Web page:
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Wheelchair-Bound From Age 11, This Bengaluru Boy Just Scored 94% in SSLC Exams

Suffering from a rare genetic disorder, he now wants to become a computer engineer!

Despite suffering from muscular dystrophy, a rare genetic disorder that results in the gradual weakening and breakdown of skeletal muscles, Rahul KS, a 16-year-old, earned a fantastic score of 94% in the recent SSLC examinations.

Weighing only 20 kg, Rahul is 80% disabled, according to this Times of India (ToI) report.

A student of the Kairalee Nikethan English High School in Bengaluru, Rahul scored 116/125 in English, 95/100 in Kannada, 92 in Hindi, 93 in Maths and 98 in Science and Social Science, reports ToI.

“Physics is his favourite subject. While practicals pose a significant challenge for him, we hope that Rahul will be able to pursue science. The state government should come forward to help him,” Rekha Venugopal, the headmistress of the school, told the publication.

Rahul was a 7-year-old when he was diagnosed with muscular dystrophy. “He would lose balance while walking and fall, and by the age of 11, it was difficult for him to walk. He has been using a wheelchair since then,” said Kanakaraj R, Rahul’s father and a salesman by profession.

For representational purposes only. (Source: Pixabay)
For representational purposes only. (Source: Pixabay)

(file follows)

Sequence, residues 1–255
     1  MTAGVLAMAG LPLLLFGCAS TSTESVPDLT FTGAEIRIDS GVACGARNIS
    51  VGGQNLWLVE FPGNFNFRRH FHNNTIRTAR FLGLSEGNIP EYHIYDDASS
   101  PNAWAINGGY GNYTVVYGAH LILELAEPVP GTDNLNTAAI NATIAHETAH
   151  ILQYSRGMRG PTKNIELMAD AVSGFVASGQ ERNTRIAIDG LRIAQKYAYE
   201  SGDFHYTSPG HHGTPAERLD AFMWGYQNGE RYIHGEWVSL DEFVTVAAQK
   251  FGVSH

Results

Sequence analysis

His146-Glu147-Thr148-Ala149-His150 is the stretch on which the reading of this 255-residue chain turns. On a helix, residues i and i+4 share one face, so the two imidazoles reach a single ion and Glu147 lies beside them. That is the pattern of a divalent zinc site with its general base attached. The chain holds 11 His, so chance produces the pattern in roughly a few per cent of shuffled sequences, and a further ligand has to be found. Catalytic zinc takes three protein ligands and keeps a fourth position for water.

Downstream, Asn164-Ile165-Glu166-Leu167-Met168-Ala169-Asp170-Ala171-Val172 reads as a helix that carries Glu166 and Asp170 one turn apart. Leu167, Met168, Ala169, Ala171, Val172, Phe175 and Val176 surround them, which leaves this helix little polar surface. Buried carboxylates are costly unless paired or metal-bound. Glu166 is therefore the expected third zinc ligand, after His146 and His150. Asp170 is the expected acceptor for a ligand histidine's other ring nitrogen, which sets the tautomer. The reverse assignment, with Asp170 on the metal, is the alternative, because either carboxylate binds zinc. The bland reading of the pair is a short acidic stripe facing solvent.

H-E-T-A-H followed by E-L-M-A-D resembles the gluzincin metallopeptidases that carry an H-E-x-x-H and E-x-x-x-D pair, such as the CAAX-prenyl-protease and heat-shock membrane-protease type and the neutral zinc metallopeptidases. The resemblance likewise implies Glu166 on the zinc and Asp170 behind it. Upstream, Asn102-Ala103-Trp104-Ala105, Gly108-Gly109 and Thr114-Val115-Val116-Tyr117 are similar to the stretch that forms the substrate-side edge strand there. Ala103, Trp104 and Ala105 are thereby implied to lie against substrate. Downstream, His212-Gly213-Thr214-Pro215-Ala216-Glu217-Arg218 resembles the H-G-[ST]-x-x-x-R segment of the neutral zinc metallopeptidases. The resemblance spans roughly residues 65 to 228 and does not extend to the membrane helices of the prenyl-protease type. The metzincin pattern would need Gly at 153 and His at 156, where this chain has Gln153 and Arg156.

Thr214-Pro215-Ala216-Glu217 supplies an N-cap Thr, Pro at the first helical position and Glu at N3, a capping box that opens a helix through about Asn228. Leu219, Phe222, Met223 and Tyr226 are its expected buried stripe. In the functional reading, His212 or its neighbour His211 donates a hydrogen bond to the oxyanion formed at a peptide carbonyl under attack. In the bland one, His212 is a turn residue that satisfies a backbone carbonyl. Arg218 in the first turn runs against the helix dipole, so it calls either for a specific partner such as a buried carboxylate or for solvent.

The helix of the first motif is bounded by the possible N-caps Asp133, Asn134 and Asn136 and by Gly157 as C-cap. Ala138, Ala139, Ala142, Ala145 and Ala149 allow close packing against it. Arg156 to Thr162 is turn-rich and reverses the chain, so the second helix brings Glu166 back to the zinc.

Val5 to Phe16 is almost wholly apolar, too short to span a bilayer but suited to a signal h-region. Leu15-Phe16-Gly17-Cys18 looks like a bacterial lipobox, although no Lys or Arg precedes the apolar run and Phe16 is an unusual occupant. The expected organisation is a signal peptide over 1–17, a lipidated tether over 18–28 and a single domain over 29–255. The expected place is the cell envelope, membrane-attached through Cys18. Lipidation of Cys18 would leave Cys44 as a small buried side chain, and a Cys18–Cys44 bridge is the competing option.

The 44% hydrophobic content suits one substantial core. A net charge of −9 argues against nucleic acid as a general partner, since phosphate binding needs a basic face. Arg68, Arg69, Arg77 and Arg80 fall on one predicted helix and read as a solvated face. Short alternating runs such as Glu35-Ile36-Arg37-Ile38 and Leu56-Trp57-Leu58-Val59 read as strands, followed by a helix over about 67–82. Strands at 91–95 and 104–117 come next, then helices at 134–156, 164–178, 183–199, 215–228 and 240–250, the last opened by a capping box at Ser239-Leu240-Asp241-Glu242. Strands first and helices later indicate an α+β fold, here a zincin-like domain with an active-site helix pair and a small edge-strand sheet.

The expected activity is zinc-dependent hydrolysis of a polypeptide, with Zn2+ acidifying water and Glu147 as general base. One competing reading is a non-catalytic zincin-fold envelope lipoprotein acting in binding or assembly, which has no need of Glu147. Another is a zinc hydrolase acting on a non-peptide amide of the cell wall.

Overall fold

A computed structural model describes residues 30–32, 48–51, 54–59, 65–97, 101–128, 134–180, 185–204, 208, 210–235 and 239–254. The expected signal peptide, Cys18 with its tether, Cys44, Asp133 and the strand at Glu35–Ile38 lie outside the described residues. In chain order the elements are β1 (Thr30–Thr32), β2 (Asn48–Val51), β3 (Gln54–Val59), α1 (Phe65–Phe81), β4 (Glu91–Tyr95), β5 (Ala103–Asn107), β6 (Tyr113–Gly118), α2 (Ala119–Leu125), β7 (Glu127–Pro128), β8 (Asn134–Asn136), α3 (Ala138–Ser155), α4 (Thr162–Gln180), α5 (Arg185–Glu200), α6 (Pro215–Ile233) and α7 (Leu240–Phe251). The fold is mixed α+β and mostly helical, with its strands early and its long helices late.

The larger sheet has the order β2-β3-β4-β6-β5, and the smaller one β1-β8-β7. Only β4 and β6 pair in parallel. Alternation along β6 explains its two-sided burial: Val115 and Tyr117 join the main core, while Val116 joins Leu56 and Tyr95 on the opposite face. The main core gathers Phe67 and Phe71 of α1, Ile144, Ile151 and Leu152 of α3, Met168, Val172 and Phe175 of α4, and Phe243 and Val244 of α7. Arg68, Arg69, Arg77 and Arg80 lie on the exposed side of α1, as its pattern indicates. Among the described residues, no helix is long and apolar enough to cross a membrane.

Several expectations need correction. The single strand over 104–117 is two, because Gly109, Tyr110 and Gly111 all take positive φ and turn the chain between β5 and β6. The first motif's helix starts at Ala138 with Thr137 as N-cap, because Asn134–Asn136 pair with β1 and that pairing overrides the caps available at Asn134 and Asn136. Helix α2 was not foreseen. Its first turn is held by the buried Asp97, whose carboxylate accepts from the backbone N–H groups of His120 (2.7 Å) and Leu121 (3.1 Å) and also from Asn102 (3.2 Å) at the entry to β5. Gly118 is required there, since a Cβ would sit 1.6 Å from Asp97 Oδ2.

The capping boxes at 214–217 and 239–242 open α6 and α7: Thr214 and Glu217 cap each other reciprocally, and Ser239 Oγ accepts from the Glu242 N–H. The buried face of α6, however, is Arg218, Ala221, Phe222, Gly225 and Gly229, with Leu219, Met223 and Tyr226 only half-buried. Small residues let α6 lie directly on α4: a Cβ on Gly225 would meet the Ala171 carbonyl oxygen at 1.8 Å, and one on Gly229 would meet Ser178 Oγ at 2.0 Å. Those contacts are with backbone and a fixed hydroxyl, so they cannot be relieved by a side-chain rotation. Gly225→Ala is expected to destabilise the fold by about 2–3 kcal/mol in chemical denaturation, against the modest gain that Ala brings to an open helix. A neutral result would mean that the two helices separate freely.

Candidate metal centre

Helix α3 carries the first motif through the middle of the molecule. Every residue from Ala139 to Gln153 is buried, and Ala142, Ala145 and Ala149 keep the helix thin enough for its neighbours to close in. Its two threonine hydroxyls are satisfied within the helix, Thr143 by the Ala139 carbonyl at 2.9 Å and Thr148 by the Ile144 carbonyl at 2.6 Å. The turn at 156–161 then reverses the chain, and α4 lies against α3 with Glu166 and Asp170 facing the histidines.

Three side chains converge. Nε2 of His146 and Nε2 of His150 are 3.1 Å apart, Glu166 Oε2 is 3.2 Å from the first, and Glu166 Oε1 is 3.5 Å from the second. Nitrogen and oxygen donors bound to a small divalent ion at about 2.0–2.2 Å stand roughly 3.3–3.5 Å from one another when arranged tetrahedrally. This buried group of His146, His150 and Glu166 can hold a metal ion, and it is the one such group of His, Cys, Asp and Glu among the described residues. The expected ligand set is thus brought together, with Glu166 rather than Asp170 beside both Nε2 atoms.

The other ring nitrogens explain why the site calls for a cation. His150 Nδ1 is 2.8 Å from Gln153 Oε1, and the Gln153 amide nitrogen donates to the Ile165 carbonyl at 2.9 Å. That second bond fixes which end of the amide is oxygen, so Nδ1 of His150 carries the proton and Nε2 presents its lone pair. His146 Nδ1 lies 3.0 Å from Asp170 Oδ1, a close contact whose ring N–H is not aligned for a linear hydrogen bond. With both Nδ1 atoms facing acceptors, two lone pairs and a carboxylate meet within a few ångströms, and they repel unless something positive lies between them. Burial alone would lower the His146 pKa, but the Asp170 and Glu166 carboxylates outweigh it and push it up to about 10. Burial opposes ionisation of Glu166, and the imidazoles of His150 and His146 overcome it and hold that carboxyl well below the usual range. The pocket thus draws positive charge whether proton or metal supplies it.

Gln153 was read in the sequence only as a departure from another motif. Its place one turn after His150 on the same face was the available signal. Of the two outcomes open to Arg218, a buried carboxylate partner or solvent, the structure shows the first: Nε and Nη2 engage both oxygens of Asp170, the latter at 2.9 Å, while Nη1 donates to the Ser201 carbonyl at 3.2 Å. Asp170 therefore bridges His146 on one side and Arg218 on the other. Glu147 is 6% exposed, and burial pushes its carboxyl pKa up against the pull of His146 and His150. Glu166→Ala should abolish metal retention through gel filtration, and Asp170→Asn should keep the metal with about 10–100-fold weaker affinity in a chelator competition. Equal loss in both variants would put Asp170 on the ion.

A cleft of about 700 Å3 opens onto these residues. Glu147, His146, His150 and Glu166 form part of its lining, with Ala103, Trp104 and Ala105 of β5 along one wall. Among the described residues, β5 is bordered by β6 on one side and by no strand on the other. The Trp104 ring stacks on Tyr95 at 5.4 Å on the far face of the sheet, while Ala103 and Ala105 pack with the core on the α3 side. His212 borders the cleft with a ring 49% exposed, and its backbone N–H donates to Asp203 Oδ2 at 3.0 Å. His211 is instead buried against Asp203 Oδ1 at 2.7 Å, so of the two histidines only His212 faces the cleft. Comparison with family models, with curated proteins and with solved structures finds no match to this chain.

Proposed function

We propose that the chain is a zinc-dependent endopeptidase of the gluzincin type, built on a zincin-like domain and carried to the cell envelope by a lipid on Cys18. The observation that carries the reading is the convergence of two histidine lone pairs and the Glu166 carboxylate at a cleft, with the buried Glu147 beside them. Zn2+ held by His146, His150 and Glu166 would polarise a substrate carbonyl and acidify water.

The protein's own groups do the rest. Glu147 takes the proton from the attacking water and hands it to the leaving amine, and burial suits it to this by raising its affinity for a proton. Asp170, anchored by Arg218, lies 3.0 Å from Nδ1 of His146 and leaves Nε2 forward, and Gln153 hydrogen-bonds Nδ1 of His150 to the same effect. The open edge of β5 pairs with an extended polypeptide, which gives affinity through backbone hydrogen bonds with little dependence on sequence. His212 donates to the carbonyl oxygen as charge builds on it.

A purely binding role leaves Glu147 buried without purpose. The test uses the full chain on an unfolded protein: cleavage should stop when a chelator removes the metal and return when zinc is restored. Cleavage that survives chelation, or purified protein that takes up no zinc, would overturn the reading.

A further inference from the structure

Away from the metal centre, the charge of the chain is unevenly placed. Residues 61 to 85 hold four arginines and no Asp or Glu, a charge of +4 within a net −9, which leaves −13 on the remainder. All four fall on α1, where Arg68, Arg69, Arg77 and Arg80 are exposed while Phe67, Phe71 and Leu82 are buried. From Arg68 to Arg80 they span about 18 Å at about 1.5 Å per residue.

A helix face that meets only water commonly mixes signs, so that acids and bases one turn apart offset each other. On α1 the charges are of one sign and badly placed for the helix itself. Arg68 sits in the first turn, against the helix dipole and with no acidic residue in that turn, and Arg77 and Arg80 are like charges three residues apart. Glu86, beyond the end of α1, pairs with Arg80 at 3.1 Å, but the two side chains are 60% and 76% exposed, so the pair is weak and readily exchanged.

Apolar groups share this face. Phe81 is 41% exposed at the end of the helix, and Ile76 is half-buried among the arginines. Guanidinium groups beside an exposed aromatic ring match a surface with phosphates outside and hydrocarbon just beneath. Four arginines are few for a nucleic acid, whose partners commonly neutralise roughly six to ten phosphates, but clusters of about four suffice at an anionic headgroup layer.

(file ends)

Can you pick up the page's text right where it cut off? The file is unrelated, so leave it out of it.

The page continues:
The eldest of three siblings, Rahul wants to become a computer science engineer when he grows up. As a result of his condition, he can write with his right hand, but drawing diagrams is a struggle.

Also Read: Here’s How We Can Bring Inclusion to One of India’s Largest ‘Minorities’

To the uninitiated, muscular dystrophy usually affects a person from childhood. Abnormal genes or mutations result in steady muscle deterioration, rendering the patient wheelchair bound, and he or she might even have trouble breathing or swallowing food due to the weakness in muscles that assist such basic functions.

For the time being, this condition is incurable, and the patient usually undergoes physical therapy, wears braces, and sometimes even undergoes corrective surgery to minimise certain symptoms.

Medication includes steroids, that slow down the deterioration in muscles, anticonvulsants for seizures and other muscle-related activity, and immunosuppressants to further delay the dying muscle cells.

(Edited by Gayatri Mishra)

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